You’d be hard-pressed to find someone in North America who’s never heard of the blue jay. The species, easily identified by its telltale crest and its blue, white and black feathers, can be spotted from Newfoundland to Colorado. It has been immortalized in song and has a namesake sports team in Toronto. And yet, blue jays are just the tip of jay iceberg.
Meet seven incredible jays that aren’t the blue jay.
The Steller's jay is likely the most stunning member of the jay family. This large songbird typically boasts a prominent triangular crest topping its charcoal black head, small white markings above its beak, and a deep blue body. This jay can be found in evergreen forests along the west coasts of Canada, the United States, and down past Mexico. The looks of the Pacific coast Steller's jay is somewhat different than the Rocky Mountains form of the bird. The Steller's jay can usually be found at elevations between 3,000 and 10,000 feet.
This jay can be found mostly in Canada, although the species dips down into the U.S. in Oregon, Idaho, Colorado and a few other states. With its cute round head, fluffy body and short beak, this jay has been dubbed the “camp robber” by some, and is often described as fearless. The gray jay lives in northern forests year round and, unlike most other birds, begins nesting in the late winter when snow is still on the ground. In order to survive the winter, these jays store food during the summer, and eat everything from seeds and insects to small rodents, fungi and carrion. This is the only jay on the list not to have any blue on its body.
For someone who has only seen a blue jay, the green jay may have the most surprising looks. Birders
in the U.S. have to travel to southern Texas if they want to see the bird stateside. Otherwise, they have to travel down to Central or South America. Their habitat extends down through Peru and Bolivia. This bird is the only green jay, although it does boast some blue around its face. The green jay likes native woods and mesquite brush and eats everything from insects to lizards to the babies of other birds.
Unfortunately, the Florida scrub-jay has been labeled as threatened under the Endangered Species Act due to human development in vital habitats. According to the Florida Fish and Wildlife Conservation Commission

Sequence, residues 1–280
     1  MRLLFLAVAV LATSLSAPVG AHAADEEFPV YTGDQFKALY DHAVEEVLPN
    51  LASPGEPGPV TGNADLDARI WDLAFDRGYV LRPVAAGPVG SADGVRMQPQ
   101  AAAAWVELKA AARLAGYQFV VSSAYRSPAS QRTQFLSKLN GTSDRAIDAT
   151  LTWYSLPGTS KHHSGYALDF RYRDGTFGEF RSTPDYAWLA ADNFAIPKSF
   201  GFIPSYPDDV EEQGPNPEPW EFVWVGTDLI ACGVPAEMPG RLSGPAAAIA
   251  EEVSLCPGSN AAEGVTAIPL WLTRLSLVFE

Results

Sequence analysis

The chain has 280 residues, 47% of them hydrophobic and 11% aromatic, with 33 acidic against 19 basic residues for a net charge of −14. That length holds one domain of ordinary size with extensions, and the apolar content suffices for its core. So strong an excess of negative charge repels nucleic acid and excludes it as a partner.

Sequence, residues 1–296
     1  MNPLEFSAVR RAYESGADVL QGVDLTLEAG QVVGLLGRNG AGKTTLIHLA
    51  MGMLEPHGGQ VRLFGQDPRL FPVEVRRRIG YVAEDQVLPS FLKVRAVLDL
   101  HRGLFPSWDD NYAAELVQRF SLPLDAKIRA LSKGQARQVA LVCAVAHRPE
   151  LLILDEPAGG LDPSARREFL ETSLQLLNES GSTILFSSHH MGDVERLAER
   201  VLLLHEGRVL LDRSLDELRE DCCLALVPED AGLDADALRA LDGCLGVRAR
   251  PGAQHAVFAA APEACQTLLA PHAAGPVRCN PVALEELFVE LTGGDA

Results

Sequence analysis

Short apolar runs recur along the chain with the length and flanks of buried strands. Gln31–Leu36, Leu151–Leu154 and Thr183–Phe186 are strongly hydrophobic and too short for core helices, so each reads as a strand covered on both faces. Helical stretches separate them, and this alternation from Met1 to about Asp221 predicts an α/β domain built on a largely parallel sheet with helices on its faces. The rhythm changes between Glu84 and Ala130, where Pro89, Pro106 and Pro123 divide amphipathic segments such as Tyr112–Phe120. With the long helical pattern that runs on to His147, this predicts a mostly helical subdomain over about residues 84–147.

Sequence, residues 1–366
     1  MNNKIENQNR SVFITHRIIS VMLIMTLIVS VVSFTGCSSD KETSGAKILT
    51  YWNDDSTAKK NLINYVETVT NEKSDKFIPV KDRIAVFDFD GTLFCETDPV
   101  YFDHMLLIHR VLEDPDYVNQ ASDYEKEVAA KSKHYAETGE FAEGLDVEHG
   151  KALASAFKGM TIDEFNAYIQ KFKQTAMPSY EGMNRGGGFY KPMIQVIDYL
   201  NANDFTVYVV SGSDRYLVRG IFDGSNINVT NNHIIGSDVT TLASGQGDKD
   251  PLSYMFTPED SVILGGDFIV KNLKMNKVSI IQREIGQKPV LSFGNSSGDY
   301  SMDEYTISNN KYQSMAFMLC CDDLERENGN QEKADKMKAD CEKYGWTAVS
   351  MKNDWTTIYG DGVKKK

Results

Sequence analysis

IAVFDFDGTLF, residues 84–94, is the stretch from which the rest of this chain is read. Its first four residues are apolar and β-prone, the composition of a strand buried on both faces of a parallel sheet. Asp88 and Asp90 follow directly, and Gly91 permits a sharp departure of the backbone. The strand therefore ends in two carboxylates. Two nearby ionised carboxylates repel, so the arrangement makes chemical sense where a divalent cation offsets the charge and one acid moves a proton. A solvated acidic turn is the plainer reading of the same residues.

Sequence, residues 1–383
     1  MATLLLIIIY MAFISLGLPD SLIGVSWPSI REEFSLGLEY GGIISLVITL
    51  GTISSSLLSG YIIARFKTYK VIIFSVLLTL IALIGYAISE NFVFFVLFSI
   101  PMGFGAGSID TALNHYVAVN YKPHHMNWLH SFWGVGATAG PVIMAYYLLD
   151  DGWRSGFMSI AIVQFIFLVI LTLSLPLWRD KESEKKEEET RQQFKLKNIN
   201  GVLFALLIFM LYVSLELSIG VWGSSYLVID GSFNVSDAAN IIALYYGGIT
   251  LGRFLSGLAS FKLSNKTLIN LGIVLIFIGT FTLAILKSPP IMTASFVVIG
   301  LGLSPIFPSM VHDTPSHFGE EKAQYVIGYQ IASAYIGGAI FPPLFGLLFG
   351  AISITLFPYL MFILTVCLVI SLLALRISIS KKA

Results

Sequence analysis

, the Florida scrub-jay keeps to small patches of sand pine scrub, xeric oak scrub and scrubby flatwoods. Those particular types of flora burn often enough to keep tree heights between 3 and 10 feet tall. The Florida scrub-jay lives in family groups that contain a breeding pair, previous offspring, and even birds that have been adopted from other families. Some nonbreeding birds can remain with their parents for years, helping the family before they venture off to find their own territory.
Happily, this songbird is thriving in the west occupying some of the same territory as the Stellar’s jay. Aside from being blue, the two have little else in common. This blue and gray jay with a short bill and no crest can be found as far north as Washington and south to Central America. Rather than living in groups like their Floridian cousins, the Western scrub-jay sticks to breeding pairs rather than family groups. The female sits on the eggs while the male brings the female food to eat. Both take part in building their nest using twigs, grass, animal hair and moss as well as other items.
The blue and gray pinyon jay can be found in the Great Basin region of the U.S., and, as the name suggests, a large portion of the bird's diet consists of pinyon pines. Unlike other birds in its family, the pinyon lacks feathers at the base of its bill. This enables the jay to push its beak into pine cones without disrupting its feathers. The pinyon jay nests in colonies and breeds in late winter. Unfortunately, although numbers are hard to gauge, it is suspected that the population has declined
in recent decades.
The Mexican jay lives primarily in Mexico, but also can be found stateside in parts of Texas, Arizona and New Mexico. The two populations found in the different geographies differ in egg color, nesting behaviors and even in the color of the bill in the young. The Mexican jay feeds on acorns, breaking them open by holding them with a foot against a branch and hitting the nut with its beak. The acorns can be buried in the ground where the bird will later retrieve the stored food source. The jay can also be seen on flowers searching for nectar as well as insects.
So, Mr. Blue Jay, you’re not the only jay in town. It doesn’t make us adore you any less. It just makes us appreciate your large extended family with its great similarities and differences.
How many jays have you spotted out in the wild?
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